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SUMMARY

Three-week-old weaned and colostrum-deprived neonatal (< 1 day old) pigs were inoculated to determine the pathogenicity of 2 enterotoxigenic Escherichia coli isolates that do not express K88, K99, F41, or 987P adhesins (strains 2134 and 2171). Strains 2134 and 2171 were isolated from pigs that had diarrhea after weaning attributable to enterotoxigenic E coli infection. We found that both strains of E coli adhered in the ileum and caused diarrhea in pigs of both age groups. In control experiments, adherent bacteria were not seen in the ileum of pigs < 1 day old or 3 weeks old that were noninoculated or inoculated with a nonpathogenic strain of E coli. These control pigs did not develop diarrhea. Antisera raised against strains 2134 and 2171 and absorbed with the autologous strain, grown at 18 C, were used for bacterial-agglutination and colony-immunoblot assays. Both absorbed antisera reacted with strains 2134 and 2171, but not with strains that express K99, F41, or 987P adhesins. A cross-reaction was observed with 2 wild-type K88 strains, but not with a K12 strain that expresses K88 pili. Indirect immunofluorescence with these absorbed antisera revealed adherent bacteria in frozen sections of ileum from pigs infected with either strain. We concluded that these strains are pathogenic and express a common surface antigen that may be a novel adhesin in E coli strains that cause diarrhea in weaned pigs.

Free access
in American Journal of Veterinary Research

Abstract

Objective—To determine whether numbers of coliform bacteria in feces of dairy cattle changed during the periparturient period and whether fluctuations were associated with changes in dry-matter intake.

Animals—12 healthy Holstein cows.

Procedure—Fecal samples were collected on a semiregular basis (ie, 3 to 7 times/wk) beginning 4 to 6 weeks before the anticipated parturition date and continuing through the third day (5 cows) or second week (7 cows) after parturition, and total numbers of fecal coliform bacteria were determined. Daily feed intake of 7 cows was monitored.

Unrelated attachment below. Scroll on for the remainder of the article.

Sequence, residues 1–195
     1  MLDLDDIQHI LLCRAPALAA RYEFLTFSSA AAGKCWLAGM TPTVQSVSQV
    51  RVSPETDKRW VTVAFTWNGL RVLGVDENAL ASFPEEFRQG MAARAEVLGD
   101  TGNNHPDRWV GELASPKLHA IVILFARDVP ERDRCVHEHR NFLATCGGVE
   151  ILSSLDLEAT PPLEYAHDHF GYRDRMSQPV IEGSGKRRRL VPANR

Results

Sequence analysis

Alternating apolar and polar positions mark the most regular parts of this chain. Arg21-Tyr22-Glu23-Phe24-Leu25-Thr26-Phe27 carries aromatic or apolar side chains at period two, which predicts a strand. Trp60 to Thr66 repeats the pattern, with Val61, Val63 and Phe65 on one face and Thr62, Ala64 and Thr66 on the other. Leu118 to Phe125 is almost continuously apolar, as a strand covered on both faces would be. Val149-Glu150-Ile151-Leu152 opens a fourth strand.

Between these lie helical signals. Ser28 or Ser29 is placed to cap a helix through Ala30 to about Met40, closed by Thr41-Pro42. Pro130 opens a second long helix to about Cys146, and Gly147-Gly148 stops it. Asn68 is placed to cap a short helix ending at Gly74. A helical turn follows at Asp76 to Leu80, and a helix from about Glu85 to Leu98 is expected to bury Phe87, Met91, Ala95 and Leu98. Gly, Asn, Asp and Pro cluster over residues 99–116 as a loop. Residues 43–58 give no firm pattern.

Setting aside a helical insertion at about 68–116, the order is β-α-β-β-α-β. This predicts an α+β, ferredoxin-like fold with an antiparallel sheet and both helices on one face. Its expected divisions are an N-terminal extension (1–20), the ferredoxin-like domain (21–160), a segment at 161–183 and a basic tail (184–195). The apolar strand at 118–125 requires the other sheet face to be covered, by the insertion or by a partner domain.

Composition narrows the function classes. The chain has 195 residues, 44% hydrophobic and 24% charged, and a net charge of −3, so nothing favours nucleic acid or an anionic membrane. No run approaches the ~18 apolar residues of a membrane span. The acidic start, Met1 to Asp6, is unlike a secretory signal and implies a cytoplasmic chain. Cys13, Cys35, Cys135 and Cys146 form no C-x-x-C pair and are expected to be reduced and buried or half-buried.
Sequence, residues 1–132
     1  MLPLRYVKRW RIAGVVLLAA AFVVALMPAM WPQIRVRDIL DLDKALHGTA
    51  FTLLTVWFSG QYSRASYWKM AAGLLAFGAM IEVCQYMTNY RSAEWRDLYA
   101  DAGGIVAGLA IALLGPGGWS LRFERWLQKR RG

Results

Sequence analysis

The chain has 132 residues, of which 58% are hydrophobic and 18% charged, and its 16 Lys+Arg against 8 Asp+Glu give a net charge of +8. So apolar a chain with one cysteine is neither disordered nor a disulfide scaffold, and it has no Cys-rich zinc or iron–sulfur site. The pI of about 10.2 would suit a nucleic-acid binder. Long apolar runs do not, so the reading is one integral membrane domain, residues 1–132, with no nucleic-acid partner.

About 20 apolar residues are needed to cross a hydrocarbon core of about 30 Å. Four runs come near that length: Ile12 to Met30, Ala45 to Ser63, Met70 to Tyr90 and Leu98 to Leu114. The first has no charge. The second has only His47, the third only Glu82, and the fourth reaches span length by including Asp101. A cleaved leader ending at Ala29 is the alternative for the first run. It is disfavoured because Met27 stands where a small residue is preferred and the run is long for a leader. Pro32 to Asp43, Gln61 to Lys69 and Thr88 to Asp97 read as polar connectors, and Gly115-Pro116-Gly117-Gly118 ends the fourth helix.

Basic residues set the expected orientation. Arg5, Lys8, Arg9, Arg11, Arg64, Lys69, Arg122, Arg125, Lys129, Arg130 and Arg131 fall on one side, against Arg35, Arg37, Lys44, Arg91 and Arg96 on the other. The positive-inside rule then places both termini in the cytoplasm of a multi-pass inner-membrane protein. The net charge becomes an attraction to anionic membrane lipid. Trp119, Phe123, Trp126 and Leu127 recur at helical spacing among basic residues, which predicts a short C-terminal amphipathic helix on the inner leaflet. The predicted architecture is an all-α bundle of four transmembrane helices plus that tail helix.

Results—For 11 cows, fecal coliform bacterial counts between 34 and 25 days prior to parturition were low and relatively constant (< 102 change in number of bacteria). Coliform bacteria were not detected in 4 to 8% of fecal samples from 10 cows. All cows had a 104 to 107 increase in number of colony forming units/g of feces near the time of parturition. Number of fecal coliform bacteria peaked within 7 days of parturition in 9 cows and within 12 days of parturition in 3. Number of fecal coliform bacteria was not correlated with feed intake.

Conclusions and Clinical Relevance—Cows may have large increases in fecal coliform bacteria count during the periparturient period; however, periparturient cows do not continually shed high numbers of coliform bacteria, and coliform bacteria may not always be detectable by conventional culture methods. Changes in fecal coliform bacteria count did not correlate with changes in dry-matter intake. (Am J Vet Res 2000;61:1636–1638)

Full access
in American Journal of Veterinary Research

Abstract

In October 2014, a health-care worker who had been part of the treatment team for the first laboratory-confirmed case of Ebola virus disease imported to the United States developed symptoms of Ebola virus disease. A presumptive positive reverse transcription PCR assay result for Ebola virus RNA in a blood sample from the worker was confirmed by the CDC, making this the first documented occurrence of domestic transmission of Ebola virus in the United States. The Texas Department of State Health Services commissioner issued a control order requiring disinfection and decontamination of the health-care worker's residence. This process was delayed until the patient's pet dog (which, having been exposed to a human with Ebola virus disease, potentially posed a public health risk) was removed from the residence. This report describes the movement, quarantine, care, testing, and release of the pet dog, highlighting the interdisciplinary, one-health approach and extensive collaboration and communication across local, county, state, and federal agencies involved in the response. (J Am Vet Med Assoc 2015;247:531–538)

Full access
in Journal of the American Veterinary Medical Association